The taxpayers who bore the brunt of austerity measures in the previous decade, during the fiscal streamlining of the bailouts period, have finally had their load reduced through the measures applying since last year in terms of their tax and social security obligations.
The reduction of social security contributions, the suspension of the solidarity levy (that will apparently be abolished in 2023), and changes to tax rates have bolstered the incomes of salary workers since 2020 during a particularly difficult period.
Therefore the tax and social security burden that amounted to 37.1 cents of each euro of income in 2019 for a family with two children (compared to an average rate of 24.4% among Organization for Economic Cooperation and Development member-states) is now expected to have dropped significantly when the 2020 income data are published. Experts estimate the decline will be considerable, by some four to five percentage points, taking the sum of the tax and contribution load down to almost 32%.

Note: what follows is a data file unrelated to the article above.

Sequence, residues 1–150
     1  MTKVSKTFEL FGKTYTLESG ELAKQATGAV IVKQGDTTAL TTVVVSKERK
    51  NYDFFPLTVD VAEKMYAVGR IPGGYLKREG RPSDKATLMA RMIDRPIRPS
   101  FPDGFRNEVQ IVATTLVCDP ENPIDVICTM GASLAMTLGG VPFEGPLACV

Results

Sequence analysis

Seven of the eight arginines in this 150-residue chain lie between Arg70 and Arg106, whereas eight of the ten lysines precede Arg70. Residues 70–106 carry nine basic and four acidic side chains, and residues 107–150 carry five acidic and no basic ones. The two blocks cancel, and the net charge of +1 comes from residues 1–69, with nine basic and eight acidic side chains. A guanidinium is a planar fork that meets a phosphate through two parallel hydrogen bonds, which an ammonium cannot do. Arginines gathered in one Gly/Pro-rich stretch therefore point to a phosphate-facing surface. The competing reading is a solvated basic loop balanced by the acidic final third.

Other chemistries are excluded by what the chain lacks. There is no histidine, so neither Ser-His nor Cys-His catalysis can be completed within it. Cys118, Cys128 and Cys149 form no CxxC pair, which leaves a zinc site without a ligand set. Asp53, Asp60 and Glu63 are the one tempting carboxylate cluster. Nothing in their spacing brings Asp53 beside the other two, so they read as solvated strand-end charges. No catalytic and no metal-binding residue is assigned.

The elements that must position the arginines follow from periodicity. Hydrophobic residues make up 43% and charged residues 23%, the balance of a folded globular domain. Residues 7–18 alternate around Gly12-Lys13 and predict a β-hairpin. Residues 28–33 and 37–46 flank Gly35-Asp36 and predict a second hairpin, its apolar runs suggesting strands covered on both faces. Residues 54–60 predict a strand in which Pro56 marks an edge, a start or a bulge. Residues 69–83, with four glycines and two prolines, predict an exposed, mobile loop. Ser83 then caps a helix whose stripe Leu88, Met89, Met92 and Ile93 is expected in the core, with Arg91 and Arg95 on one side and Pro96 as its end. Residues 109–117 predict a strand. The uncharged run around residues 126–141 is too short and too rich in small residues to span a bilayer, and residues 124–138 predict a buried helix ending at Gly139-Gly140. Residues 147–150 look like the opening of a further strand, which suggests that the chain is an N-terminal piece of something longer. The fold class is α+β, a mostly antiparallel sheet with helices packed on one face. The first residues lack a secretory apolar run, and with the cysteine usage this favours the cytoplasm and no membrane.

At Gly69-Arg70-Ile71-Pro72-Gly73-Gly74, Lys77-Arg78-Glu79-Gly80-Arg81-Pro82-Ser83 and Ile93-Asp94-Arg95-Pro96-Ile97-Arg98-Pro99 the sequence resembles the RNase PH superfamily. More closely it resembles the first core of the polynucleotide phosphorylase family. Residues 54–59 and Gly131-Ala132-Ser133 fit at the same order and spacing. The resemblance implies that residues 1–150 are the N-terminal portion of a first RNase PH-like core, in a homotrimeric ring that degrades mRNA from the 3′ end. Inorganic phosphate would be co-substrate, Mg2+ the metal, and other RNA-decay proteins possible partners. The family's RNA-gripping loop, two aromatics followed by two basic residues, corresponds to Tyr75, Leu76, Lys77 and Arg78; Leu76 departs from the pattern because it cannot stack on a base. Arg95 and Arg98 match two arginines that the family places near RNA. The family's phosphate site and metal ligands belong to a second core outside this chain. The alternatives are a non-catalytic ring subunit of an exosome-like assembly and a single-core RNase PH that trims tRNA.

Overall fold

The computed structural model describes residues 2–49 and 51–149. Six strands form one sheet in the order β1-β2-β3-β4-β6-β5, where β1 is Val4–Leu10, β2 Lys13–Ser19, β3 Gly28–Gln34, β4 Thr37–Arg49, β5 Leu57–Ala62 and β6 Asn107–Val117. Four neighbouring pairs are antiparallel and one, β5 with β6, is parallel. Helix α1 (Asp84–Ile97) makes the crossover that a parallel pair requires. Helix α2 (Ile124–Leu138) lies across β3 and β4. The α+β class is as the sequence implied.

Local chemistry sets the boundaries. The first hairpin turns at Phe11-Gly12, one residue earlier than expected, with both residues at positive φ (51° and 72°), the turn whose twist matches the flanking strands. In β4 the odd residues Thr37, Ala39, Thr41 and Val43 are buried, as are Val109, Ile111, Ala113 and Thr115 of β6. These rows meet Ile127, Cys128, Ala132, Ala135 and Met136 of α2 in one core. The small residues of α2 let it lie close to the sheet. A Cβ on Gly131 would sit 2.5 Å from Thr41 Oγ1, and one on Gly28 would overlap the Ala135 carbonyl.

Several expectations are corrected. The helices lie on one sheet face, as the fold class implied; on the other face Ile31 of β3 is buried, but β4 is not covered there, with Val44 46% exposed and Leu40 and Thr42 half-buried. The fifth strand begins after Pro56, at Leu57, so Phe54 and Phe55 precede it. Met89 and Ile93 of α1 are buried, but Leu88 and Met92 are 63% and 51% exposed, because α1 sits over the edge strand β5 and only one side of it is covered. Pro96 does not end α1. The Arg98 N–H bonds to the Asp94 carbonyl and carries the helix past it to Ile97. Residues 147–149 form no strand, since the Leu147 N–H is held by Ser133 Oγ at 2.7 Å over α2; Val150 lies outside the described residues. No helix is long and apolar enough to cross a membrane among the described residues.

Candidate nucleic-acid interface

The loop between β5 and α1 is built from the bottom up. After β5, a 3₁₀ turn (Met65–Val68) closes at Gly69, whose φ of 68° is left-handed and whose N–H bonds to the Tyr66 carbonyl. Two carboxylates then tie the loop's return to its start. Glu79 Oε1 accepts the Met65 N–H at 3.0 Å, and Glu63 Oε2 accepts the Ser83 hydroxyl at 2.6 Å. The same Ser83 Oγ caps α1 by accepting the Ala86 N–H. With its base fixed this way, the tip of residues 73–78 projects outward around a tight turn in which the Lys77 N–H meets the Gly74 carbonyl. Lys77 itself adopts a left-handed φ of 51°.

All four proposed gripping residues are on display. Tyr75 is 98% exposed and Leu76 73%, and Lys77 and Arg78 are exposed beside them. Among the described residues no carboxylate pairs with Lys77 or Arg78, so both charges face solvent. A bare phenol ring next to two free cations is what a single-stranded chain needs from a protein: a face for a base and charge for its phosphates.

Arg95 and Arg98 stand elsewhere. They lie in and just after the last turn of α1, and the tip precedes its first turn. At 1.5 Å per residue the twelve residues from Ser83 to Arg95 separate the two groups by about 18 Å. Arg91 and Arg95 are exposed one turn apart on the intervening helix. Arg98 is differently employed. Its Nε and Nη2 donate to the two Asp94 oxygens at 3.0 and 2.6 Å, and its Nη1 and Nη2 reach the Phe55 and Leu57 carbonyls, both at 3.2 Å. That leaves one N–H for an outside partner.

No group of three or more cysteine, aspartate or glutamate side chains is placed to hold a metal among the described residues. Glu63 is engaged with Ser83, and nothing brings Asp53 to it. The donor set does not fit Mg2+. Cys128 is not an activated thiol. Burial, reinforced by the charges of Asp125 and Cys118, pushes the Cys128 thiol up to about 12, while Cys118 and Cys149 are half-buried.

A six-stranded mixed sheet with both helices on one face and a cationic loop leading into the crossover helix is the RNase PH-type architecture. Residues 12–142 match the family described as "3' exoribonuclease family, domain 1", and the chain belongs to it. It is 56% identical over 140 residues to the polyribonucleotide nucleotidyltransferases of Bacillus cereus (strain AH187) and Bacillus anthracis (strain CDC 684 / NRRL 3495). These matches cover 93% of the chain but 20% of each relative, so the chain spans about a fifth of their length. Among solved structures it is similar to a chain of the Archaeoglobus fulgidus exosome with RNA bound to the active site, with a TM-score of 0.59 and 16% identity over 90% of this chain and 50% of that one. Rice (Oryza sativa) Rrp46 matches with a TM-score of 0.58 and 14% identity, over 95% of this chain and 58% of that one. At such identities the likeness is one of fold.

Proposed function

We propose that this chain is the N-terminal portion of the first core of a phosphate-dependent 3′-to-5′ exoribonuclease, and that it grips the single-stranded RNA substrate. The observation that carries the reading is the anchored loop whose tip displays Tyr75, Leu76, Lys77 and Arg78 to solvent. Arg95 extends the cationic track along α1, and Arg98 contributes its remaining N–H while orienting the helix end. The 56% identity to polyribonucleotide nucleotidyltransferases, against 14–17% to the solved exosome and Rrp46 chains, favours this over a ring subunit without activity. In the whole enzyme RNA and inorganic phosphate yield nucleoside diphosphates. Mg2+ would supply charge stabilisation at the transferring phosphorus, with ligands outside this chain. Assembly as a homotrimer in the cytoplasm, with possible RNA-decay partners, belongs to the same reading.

According to the Tax Foundation data presented on Thursday by the Markos Dragoumis Center for Liberal Studies (KEFiM), up until 2019 Greece ranked fourth among the 36 OECD countries surveyed in the taxation of workers with children, trailing only Turkey, France and Sweden.
In the year before the pandemic, a worker without children paid 40.1% of their gross income toward taxes and contributions in Greece, against an OECD average of 36.1%: Income tax came to 8%, the contributions withheld from the salary amounted to 12.5%, and those paid by the employer stood at 19.7%.
Unlike most countries with a high tax burden on salaries, Greece does not offer families with children any notable tax breaks. Many Greek households not only pay their taxes but also pay another 1.85 billion euros out of their own pocket for their children’s education, or an average of €3,200 per household per annum.